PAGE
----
5. Maintain a Rate Card
Quoting is the hardest part of freelancing. It has to be done right. It means the difference between a can of baked beans for dinner or shouting yourself a decent meal at a restaurant. A very good routine to get into that will help with quoting is to maintain a rate card for yourself. This is only for you and is not intended for client viewing. This is a list of different types of work you can do and how much you normally charge. If the client wants a break-down then you can easily give it. It also helps you maintain consistent quoting from job to job with an individual client. If you want to do a job cheaply for a client, do not reduce your rates. Quote at the full rate and then give them a discount off the total. If you want to charge more then let the client know that you are increasing your base rate.
There is one thing that really effects your reputation with a client, and that is inconsistent quoting. An up-to-date rate card is the first step towards getting this right. Get into the routine of maintaining it and using it!
6. Market Yourself
Your portfolio website is the number one element of your marketing. Prospective clients will click through to it. It needs to be updated and maintained regularly. Is the SEO all good? Are all the relevant keywords in there? Is your contact information clearly visable? Keep the site up-to-date with all your latest work!
Maintain your presence on networking sites, particularly Linked-in but also Facebook. Use Twitter too, as this is where the design scene is buzzing. Even upload some Photoshop brushes to our gallery to get you name out there and establish a presence in the design community.
Use the facilities at freelancing sites. There are freelancing forums that allow you to get known. Post comments or small articles. Start threads. You can learn a lot from doing this, like where the jobs are and what's paying good money. Maybe even what clients to avoid.
Set aside a small amount of time to do these things each day. If you’re lucky enough to be able to see your client in real life then get them to spend time with you. The more time they spend with you the more they feel committed to using you.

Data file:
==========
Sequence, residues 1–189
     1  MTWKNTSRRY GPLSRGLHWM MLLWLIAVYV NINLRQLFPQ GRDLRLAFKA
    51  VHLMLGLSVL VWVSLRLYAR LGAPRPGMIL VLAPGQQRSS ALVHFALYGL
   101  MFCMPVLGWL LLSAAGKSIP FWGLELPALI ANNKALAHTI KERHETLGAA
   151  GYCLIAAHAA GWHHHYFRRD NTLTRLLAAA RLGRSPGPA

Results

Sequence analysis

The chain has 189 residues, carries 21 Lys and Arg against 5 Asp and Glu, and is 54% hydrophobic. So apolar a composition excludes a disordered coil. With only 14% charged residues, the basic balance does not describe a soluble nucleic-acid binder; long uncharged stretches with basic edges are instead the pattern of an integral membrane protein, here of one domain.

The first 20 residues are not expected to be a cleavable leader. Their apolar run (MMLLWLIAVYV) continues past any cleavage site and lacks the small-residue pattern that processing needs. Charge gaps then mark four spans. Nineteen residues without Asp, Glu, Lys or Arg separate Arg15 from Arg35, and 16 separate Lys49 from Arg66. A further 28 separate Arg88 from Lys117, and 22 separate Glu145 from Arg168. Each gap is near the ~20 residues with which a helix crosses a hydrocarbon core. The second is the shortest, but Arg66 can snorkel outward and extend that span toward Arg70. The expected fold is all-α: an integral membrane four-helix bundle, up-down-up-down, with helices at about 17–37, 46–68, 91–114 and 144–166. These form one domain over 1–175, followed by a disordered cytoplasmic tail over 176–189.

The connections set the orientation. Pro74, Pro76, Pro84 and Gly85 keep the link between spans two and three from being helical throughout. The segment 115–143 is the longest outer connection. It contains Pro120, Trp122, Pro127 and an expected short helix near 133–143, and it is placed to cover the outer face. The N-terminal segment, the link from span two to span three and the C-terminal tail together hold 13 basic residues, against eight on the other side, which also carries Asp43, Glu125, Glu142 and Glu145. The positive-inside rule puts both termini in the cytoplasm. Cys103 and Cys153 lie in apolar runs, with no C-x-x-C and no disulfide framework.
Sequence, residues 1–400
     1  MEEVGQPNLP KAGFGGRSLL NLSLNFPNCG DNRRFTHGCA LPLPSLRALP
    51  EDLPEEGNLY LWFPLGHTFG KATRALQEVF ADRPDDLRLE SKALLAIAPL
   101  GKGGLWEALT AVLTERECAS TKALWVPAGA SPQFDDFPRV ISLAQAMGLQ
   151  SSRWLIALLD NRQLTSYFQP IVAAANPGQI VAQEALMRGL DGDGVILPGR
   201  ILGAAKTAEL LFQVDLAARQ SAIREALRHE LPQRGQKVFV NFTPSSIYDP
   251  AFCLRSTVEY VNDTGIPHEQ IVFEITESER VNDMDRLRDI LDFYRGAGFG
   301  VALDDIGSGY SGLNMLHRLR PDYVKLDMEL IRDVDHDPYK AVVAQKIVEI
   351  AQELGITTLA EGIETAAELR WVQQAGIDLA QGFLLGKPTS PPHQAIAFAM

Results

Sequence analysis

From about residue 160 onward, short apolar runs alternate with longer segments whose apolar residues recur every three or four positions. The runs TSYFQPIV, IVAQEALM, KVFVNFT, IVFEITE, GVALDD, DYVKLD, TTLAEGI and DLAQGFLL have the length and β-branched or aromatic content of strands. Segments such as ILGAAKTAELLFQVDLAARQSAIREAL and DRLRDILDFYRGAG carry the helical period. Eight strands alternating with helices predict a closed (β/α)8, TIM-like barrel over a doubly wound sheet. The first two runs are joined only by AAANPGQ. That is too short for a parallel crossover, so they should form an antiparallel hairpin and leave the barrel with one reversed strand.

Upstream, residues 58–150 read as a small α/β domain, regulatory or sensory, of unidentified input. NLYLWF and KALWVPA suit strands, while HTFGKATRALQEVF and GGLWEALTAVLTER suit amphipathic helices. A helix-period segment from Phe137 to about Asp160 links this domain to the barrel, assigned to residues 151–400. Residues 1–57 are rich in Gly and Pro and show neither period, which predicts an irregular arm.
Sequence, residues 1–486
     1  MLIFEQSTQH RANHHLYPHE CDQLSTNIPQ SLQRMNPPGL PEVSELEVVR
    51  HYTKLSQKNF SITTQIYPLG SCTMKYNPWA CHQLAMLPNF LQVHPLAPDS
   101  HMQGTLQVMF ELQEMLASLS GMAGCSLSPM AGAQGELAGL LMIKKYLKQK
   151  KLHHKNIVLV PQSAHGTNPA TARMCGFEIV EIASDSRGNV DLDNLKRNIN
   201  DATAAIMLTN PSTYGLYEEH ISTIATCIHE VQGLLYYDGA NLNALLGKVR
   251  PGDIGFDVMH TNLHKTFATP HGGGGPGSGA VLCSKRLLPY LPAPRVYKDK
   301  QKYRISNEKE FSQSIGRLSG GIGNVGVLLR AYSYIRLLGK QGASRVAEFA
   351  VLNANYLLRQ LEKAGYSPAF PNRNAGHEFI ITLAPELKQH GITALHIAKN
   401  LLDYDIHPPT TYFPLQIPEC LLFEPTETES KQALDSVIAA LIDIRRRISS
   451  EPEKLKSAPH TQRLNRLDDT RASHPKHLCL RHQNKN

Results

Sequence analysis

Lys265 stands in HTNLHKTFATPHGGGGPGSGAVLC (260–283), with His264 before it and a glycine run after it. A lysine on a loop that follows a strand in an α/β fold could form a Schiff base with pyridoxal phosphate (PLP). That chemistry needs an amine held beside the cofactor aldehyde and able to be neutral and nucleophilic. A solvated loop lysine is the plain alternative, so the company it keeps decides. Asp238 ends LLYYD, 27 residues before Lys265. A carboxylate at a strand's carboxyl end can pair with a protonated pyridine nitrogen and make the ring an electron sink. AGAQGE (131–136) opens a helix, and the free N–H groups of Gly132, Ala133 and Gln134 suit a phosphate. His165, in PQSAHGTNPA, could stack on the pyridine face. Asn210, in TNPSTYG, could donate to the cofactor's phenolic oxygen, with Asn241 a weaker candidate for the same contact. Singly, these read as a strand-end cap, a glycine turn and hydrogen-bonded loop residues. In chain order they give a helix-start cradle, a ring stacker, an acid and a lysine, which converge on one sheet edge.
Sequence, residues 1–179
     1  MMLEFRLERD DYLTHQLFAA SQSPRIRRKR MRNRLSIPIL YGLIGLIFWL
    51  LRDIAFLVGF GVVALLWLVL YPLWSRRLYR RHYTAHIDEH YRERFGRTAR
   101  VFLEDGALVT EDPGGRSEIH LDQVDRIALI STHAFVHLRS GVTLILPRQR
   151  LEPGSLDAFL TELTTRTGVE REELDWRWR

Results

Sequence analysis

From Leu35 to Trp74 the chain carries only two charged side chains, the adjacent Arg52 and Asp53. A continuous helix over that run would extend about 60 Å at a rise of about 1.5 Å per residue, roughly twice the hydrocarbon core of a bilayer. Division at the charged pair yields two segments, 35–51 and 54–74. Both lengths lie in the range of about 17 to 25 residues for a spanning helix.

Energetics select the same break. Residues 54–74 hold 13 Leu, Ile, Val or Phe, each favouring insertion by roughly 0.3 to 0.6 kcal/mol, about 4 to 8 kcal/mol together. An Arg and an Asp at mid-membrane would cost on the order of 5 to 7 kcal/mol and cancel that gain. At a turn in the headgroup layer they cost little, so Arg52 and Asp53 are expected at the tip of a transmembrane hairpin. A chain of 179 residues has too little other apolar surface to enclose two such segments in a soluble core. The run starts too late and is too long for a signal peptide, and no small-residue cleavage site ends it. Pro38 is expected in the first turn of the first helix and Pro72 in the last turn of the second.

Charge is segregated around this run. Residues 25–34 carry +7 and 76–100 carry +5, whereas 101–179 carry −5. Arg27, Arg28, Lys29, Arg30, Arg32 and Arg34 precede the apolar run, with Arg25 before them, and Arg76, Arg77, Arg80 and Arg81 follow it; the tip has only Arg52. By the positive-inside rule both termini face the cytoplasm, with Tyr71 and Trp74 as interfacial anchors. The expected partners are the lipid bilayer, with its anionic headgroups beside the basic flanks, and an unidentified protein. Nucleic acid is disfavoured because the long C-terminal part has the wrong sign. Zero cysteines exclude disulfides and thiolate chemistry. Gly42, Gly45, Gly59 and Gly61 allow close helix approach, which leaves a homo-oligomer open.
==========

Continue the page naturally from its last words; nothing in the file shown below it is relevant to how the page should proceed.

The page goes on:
You have to invoice. And you really have to invoice straight away, as soon as the client accepts that the project is complete. The client has to receive the invoice when the completed project is happily in their mind. If you send it a month later then a busy client will have forgotten the warm glow of a well delivered project. Make sure the invoices are professional and reflect that they are paying for your professional work. This maintains your reputation.
You must keep a record of the invoices you send. Some great apps you can use for this are, Simply Invoices, Harvest, and Blinksale. If you send an invoice twice then it will hurt your reputation. If you are in the routine of keeping on top of your invoicing then so many other aspects of the business will fall in line. And the most important thing is that it reduces your stress.
If you get into the seven routines above, and you also produce some good designs, then you're well on your way to becoming a Design Superhero and making a real career out of freelance designing. Feel free to leave a comment below to share any additional tips you personally use to make your workflow more organized and efficient.
Good luck out there!